Frances Sheridan, Memoirs of Miss Sidney Bidulph (1767), p. 86

I will acknowledge to you, my sister, that it was not without a struggle I reduced my mind to this frame. My heart (foolish thing!) industrious to perplex itself, would fain have suggested some palliating circumstances in Mr. Faulkland's favour; but I forbid it to interpose. Trifler, said I, let your guardian, your proper guide, judge and determine for you in this important cause, whereon so much of your future depends. It sighed, but had the virtue to submit; and I arraigned Faulkland before a little tribunal in my breast, where I would suffer reason only to preside. The little felon, love, knocked at the door once or twice, but justice kept him out; and after a long (and I think fair) trial, he was at length cast; and in order to strengthen my resolves, and justify my mother's, as well as my own conduct, these are the arguments which I have deduced from the evidences against him...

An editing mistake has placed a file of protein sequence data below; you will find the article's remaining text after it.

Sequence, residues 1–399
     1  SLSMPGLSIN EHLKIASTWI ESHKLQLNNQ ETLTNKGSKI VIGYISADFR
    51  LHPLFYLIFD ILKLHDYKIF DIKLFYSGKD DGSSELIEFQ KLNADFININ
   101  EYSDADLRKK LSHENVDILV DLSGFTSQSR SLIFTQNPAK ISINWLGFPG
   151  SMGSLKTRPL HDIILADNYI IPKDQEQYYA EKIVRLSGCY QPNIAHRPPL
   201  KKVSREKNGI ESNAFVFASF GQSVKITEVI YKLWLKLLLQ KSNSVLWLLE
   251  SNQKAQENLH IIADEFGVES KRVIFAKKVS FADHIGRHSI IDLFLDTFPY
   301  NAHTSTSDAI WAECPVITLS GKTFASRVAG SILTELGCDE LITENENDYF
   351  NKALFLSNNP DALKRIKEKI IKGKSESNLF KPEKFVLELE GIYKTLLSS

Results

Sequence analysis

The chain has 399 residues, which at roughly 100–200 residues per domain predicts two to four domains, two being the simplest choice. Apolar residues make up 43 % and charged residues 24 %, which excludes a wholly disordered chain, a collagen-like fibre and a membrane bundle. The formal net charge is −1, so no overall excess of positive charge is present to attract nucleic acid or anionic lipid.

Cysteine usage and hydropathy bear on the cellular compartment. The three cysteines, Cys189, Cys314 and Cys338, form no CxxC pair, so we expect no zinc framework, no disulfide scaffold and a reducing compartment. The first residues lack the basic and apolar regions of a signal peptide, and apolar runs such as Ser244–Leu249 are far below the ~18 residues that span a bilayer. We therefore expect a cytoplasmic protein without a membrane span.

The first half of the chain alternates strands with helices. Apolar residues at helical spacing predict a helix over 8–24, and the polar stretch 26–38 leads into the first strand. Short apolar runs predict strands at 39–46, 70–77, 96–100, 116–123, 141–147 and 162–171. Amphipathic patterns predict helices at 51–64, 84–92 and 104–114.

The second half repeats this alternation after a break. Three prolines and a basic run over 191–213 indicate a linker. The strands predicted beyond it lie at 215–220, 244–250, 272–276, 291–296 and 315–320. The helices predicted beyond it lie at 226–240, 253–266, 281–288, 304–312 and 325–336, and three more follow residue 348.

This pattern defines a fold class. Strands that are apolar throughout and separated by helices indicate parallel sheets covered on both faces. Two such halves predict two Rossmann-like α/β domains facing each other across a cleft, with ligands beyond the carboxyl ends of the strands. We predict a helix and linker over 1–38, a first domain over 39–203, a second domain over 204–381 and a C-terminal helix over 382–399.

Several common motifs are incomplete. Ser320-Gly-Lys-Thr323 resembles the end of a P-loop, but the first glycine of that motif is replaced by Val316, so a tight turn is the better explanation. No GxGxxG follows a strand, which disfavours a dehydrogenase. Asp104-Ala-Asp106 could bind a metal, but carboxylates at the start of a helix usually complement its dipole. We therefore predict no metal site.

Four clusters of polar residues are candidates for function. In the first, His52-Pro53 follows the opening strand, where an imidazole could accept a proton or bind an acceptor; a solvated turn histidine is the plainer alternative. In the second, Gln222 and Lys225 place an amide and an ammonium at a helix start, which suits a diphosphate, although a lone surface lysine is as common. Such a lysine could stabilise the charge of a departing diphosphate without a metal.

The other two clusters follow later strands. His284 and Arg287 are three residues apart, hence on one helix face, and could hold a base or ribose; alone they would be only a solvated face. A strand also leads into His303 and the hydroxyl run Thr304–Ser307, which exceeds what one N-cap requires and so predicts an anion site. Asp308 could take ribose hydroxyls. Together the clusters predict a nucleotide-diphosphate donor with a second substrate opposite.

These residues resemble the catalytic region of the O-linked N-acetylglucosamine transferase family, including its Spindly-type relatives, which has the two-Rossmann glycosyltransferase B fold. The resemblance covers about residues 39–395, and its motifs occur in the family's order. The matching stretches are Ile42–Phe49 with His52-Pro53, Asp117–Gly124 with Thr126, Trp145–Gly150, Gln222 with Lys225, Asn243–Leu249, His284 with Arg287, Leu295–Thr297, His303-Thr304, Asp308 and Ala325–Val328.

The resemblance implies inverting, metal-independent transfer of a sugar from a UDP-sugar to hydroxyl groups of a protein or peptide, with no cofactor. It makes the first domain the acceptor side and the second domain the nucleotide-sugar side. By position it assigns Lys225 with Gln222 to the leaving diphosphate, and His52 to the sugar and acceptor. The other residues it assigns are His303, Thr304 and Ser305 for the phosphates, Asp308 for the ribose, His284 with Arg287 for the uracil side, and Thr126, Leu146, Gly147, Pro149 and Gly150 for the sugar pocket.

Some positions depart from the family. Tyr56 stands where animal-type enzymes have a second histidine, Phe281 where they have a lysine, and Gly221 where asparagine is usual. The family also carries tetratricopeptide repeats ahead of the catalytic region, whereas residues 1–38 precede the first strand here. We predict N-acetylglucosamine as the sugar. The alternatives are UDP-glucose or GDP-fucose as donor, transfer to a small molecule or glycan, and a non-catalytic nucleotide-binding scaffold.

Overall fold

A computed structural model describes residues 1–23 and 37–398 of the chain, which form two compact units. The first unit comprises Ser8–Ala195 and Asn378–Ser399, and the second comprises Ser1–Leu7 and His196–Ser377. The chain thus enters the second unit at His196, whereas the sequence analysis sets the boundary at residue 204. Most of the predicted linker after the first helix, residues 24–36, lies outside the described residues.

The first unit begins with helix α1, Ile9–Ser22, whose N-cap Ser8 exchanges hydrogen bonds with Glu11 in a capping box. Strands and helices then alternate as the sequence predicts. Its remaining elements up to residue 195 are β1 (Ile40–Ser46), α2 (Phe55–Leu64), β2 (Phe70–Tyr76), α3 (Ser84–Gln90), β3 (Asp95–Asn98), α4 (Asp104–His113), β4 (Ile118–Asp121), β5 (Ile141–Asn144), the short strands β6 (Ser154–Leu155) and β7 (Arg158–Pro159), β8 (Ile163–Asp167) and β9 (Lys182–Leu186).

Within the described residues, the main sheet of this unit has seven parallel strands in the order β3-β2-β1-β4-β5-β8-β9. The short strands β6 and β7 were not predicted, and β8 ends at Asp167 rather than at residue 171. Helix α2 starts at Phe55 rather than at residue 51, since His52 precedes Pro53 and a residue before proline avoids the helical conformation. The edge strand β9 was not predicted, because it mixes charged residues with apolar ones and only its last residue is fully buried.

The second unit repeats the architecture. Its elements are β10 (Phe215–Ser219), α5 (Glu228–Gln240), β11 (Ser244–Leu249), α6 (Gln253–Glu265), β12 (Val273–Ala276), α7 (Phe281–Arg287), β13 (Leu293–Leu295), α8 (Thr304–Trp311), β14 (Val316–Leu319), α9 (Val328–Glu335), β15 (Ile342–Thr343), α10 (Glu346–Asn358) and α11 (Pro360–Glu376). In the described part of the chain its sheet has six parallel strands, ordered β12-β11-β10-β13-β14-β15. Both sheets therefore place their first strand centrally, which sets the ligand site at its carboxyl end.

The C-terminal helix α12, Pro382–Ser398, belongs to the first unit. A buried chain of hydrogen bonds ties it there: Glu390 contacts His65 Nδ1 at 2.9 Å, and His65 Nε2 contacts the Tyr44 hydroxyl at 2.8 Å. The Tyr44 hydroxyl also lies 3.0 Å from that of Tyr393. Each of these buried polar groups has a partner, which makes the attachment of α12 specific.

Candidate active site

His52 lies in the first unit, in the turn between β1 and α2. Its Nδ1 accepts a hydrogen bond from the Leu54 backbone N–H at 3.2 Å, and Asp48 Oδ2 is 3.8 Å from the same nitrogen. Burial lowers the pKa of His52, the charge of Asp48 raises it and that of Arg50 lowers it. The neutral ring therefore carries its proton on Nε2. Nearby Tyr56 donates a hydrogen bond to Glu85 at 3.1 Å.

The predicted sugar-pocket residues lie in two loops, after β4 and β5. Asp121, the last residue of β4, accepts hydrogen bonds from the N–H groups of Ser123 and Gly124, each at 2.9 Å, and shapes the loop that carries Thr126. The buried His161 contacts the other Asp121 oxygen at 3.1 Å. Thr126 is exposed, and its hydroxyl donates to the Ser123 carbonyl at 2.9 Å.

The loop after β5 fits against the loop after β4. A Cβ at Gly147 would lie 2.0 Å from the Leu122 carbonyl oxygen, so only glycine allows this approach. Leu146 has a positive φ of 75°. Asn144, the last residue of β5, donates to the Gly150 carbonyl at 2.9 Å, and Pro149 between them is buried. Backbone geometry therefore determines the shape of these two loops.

Is this the kind of sensibility of which Mary Wollstonecraft would approve? Sidney Bidulph exhibits the kind of rational self-control that critics of sensibility advocated as the partner of intense feeling and imagination. Sidney is the sensibilious type who is not absorbed in her own sensations, but who supplements her emotional responses with attention to the feelings of others-- in this case, to those of Miss Burchell. She gives up the man she loves both for propriety's sake and because to claim him, to privilege her own feelings over those of another, would be to destroy the hopes, the happiness, and the honor of Miss Burchell. The virtuous heart is the one that knows that it is the mind which is ultimately in command.

Related terms:

a dictionary of sensibility
term list
source bibliography
critical bibliography